Between St. Mark's Basilica and the Doge's Palace, there is one of the two entrances to the Palace itself, a majestic gateway all carved marble and in the center the Lion of St. Mark with, kneeling before him, the Doge Foscari.

The work on the Porta della Carta began in 1439, ending in 1442. Together with his father, Bartolomeo Bon was commissioned to execute some of the decorations of the Palace after it had already been largely constructed. 

It is high and narrow because it is set between the Ducal Palace on the right and the Basilica of San Marco on the left, where two slender pilasters flank the entrance with niches that take up the motifs of the balcony on the Pier.

Above the portal rises an arch with a mixtilinear crowning that bears the statue of Justice and encloses the admirable window that is clearly inspired, in its proportions, to that of the nearby Palazzo Ducale, but that is quite different in the large four-eyed fretwork with nervous profiling, where in the lobe is inserted a trilobite. 

Among the succession of twisted marbles, putti, and foliage, the four statues of Fortitude, Prudence, Hope, and Charity stand out, all the qualities that a good government must have to lead a state for more than a thousand years, over which, above, Justice attentively watches.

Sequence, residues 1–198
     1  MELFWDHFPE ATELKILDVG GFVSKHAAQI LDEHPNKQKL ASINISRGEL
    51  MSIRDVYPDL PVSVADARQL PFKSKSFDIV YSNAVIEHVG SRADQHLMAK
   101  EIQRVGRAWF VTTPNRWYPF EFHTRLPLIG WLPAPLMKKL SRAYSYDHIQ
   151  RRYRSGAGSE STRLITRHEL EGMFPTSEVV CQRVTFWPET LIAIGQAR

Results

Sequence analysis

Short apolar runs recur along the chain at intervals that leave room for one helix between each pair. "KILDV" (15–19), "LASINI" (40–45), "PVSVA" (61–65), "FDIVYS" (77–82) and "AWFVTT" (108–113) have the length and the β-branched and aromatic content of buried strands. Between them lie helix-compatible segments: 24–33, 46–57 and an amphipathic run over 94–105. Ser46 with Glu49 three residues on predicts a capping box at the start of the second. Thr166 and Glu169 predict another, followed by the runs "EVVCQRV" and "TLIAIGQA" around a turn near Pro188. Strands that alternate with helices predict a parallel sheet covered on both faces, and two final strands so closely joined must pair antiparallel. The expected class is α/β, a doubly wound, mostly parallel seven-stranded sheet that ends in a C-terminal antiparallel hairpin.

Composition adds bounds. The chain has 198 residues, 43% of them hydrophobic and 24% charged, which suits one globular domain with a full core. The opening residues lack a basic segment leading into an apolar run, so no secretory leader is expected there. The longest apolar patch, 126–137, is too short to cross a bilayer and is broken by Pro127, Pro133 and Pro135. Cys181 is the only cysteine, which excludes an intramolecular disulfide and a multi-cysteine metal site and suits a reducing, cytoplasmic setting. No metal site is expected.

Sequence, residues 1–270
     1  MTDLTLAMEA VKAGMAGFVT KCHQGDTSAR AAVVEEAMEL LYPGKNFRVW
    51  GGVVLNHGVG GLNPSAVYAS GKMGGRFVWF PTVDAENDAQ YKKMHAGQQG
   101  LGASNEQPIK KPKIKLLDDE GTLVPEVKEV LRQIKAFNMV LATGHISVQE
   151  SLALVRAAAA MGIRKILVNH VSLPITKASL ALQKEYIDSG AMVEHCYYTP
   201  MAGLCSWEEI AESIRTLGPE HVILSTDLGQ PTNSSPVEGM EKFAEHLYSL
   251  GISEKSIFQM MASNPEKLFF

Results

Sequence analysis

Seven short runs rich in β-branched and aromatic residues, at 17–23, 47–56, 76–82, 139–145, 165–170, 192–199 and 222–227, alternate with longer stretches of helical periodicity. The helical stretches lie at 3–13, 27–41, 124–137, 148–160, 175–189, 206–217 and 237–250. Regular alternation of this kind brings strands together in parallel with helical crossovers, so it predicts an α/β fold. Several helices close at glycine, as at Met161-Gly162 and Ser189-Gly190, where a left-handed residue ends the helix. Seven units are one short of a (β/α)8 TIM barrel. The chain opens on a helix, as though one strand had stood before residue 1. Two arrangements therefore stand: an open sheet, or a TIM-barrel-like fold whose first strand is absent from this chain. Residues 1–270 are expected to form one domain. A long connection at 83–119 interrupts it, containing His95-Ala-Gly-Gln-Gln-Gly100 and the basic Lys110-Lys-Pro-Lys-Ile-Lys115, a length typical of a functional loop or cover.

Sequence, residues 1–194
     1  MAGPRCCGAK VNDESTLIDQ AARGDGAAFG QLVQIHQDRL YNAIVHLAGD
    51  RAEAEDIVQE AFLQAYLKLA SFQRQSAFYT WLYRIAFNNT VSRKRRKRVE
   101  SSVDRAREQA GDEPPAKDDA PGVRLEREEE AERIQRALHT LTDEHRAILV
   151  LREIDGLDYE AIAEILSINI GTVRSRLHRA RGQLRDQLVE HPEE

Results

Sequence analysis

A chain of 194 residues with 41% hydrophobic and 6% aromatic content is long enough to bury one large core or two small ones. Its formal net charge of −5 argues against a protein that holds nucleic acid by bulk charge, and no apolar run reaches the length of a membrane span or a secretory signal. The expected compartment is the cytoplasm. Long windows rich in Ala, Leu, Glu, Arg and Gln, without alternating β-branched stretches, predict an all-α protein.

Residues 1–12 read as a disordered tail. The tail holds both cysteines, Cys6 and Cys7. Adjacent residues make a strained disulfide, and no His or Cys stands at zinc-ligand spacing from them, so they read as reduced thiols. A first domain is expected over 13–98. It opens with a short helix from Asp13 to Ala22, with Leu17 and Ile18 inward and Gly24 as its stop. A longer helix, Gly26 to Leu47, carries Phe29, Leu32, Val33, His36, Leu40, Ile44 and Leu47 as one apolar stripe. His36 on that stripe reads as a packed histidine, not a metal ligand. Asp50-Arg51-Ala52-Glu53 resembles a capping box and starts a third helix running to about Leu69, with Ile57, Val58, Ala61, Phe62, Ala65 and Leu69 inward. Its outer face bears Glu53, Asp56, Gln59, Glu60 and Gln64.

The iconography refers precisely to the theme of justice because this is, in fact, the part of the Palace ad jus reddendum, the entrance of the offenders who had to be judged for their actions.

It is called Porta della Carta (Door of the Paper) because, in its proximity, there was a desk with a scribe to which illiterates who needed to write a letter, a message, or a contract could have access.

The Doge Foscari statue and the lion, which is located under the triple-arched window on the second floor, were destroyed when the French entered Venice in an attempt to erase anything that might still remind them of the splendor and millennial history of the lagoon city. This was later redone as soon as the invaders were gone.